"Battle for the Cowl"

Ragman briefly appears in The Network one-shot for the "Battle for the Cowl" storyline, assisting Cassandra Cain and the Huntress in tracking down a group of hostages around Gotham. After removing the duct tape from the mouth of a gagged woman, Ragman proceeds to counsel her for her apparent drug addiction, telling her that she will never truly be free until she takes hold of her life.

"Blackest Night"

During the 2009-2010 "Blackest Night" storyline, Nekron completely shut down Ragman's suit by using the Black Lantern rings to reanimate all the souls attached to his body.

Suit of Souls

In October 2010, Ragman starred in the one-shot Ragman: Suit of Souls. It was written by Christos Gage and drawn by Stephen Segovia.[17]

Later, Ragman is shown aiding the JLA during their mission into Hell, where he helps Green Arrow defeat the demon Anger.[18]

The New 52

In New 52, Rory Regan is the owner of the book and antique shop Rags 'n Tatters who moonlights as the costumed vigilante Ragman.

At his shop, Rory Regan appraised a Celtic amulet as being nearly 500 years old - and worth more than he could pay out. His customer's urgency and insistence in selling the amulet made him suspicious that it had been stolen, but the man insisted that it was just an heirloom. Reluctantly, Rory offered $750, and the man accepted, hurrying away. Despite getting a deal, Rory worried that he would regret the purchase.

Above his shop, Rory was roused from his sleep by a ghostly voice, warning that he was needed. He hurried down stairs to find a pair of thugs attempting to steal an ancient artifact from his safe in the shop. Angry, he followed them in the uniform of Ragman. Rory followed the thieves to their employer, where the remaining cultists intended to use Clayface and the stolen artifact to resurrect Morgaine le Fey.

At the cost of Clayface's discomfort, the Arthurian witch succeeded in returning to life in the present. While too late to prevent her revival, Ragman joined up with Etrigan and Batwoman to fight her, introducing himself as his alias. When Etrigan, desperate to destroy the witch, broke a gas main in the old house the ritual took place in and breathed his fire on it, Ragman, Batwoman, and the now-amnesiac Clayface had barely any time to get out of range of the resultant explosion, but managed it. According to Etrigan, who also survived, it was likely that Morgaine also managed to live through the explosion.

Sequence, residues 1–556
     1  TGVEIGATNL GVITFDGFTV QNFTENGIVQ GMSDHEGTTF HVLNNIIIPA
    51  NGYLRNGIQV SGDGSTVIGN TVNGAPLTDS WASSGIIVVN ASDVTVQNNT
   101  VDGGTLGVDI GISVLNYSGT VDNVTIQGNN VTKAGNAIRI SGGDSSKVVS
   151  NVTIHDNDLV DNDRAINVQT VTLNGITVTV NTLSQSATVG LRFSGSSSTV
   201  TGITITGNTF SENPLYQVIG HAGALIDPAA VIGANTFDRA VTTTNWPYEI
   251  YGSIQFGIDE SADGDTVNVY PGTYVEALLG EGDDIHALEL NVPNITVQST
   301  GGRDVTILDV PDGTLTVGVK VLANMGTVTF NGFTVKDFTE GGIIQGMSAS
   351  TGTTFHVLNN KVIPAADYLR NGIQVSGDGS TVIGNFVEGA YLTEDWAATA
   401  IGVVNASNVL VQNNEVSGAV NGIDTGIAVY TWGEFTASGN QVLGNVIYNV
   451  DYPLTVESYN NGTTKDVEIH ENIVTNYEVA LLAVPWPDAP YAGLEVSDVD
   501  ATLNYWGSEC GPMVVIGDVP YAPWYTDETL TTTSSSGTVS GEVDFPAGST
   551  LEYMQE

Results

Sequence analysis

Knowing that Clayface belonged in Arkham Asylum, but that Morgaine could easily break him free on a moment's notice from there, Ragman offered to assuage Batwoman's worries thereof by taking Clayface into his own custody, hoping to help him find his memories. The group parted ways, and Etrigan promised that when next the time came to fight, he would be there.

Rory Regan dumped Clayface into his bathtub, for once thankful for being single and thus not needing to explain himself to anyone. Hungry, he checked his fridge and could not find anything appetizing, but was startled suddenly when Clayface appeared behind him and warned him that Morgaine would kill again.

DC Rebirth

Ragman returned to DC Comics via DC Rebirth in a six-issue series written by Ray Fawkes and illustrated by Inaki Miranda and colored by Eva de la Cruz, with covers by Guillem March.

Powers and abilities

The original Pre-Crisis incarnation of Ragman possesses the physical abilities of his father's friends who died in front of him. This includes: the strength of a circus strongman, the fighting skills and stamina of a heavyweight boxer, and the agility of a world-class acrobat. This version of Ragman wears a costume of ordinary patchwork cloth made by his father.

As established in 1991, the Post-Crisis incarnation of Ragman wears a Suit of Souls made up of corrupt souls different Ragmen have encountered over the centuries. This collection of souls lend their power to Ragman, giving him superhuman strength, speed, and stamina, as well as mystical abilities such as gliding on air currents, mentally manipulating his cloak and rags to attack or ensnare others, and being able to sense magical and demonic forces. The suit protects Ragman in a few different ways, healing him from injuries, shielding him from physical and magical attacks, or temporarily dispersing his body as a collection of rags so that attacks simply pass through him. On at least one occasion, the suit protects Ragman from the vacuum of space and provides him air to breathe.[12] If he focuses, Ragman can mentally connect with the souls making up his suit and speak to each one individually to draw on their knowledge. The Suit of Souls automatically materializes around the current Ragman when they are all to answer an act of evil or when the Ragman is in danger and needs power.